JEFFERSON CITY, Mo. (AP) — A Missouri lawsuit accusing China of hoarding masks and other protective gear during the COVID-19 pandemic can move forward, federal judges ruled Wednesday.
A panel of the U.S. Eighth District Court of Appeals panel, however, otherwise agreed with a lower court's 2022 ruling that tossed out Missouri's case entirely, finding that federal rules prohibit a sovereign foreign entity from being sued in American courts. The state alleged that China's officials were to blame for the pandemic because they didn't do enough to slow its spread.
The appeals panel found that only one claim may proceed: an allegation that China hoarded personal protective equipment.
"Missouri's overarching theory is that China leveraged the world's ignorance about COVID-19," Judge David Stras wrote in the ruling. "One way it did so was by manipulating the worldwide personal-protective-equipment market. Missouri must still prove it, but it has alleged enough to allow the claim to proceed beyond a jurisdictional dismissal on the pleadings."
Chief Judge Lavenski Smith dissented, writing that the whole lawsuit should be dismissed.
"Immunity for foreign states under the Foreign Sovereign Immunities Act, while not impenetrable, is quite stout and stronger than the claim alleged in this case," Smith wrote. "It is certainly not strong enough to justify judicial intervention into an arena well populated with substantial political and diplomatic concerns."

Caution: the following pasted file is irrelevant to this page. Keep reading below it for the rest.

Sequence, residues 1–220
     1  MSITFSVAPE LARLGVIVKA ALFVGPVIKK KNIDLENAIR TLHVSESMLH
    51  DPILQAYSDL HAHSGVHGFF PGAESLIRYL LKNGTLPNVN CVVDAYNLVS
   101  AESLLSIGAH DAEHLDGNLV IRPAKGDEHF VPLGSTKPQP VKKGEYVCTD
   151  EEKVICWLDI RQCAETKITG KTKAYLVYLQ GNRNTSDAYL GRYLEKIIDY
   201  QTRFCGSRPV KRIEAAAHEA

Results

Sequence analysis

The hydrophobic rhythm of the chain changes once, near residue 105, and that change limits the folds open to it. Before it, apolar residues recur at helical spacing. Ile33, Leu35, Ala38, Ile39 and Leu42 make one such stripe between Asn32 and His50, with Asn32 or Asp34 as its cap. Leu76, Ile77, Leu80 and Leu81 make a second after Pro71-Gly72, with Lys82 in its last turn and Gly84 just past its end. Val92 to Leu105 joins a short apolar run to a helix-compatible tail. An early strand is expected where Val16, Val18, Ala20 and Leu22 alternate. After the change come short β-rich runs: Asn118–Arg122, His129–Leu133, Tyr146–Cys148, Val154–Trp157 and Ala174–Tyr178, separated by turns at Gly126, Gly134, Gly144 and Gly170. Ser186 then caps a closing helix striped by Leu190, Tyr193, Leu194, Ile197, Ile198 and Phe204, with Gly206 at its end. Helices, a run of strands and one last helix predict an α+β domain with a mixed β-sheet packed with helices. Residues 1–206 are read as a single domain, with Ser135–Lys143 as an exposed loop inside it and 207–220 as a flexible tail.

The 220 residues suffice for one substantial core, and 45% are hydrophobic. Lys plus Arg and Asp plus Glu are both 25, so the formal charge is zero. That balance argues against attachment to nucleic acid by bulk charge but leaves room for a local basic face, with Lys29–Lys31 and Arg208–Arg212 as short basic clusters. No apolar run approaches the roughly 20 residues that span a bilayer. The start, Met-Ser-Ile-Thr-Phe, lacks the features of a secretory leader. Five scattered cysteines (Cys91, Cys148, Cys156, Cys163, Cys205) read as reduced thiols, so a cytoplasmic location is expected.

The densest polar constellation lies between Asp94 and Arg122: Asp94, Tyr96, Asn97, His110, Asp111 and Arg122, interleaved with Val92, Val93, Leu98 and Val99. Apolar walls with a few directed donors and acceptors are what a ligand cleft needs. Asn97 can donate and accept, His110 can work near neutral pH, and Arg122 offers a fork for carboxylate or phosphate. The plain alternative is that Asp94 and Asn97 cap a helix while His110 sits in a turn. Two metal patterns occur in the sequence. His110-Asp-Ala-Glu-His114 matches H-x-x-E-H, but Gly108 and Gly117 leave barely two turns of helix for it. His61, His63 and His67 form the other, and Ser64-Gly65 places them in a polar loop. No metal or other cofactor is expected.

Missouri Republican Attorney General Andrew Bailey, whose office filed the lawsuit, lauded the ruling Wednesday on X, formerly known as Twitter.
"We are headed back to court to pursue remedies," he posted.
The lawsuit, filed in April 2020, alleged that Chinese officials were "responsible for the enormous death, suffering, and economic losses they inflicted on the world, including Missourians."
Neither the Chinese government nor any other Chinese defendant named in the case has responded to the lawsuit in court.
The Lawyers for Upholding International Law and The China Society of Private International Law filed briefs defending China against the lawsuit. Associated Press emails and voice messages left with lawyers for the groups were not immediately returned Wednesday.
China has criticized the lawsuit as "very absurd" and said it has no factual and legal basis. Legal experts have mostly panned it as a stunt aimed at shifting blame to China for the COVID-19 pandemic.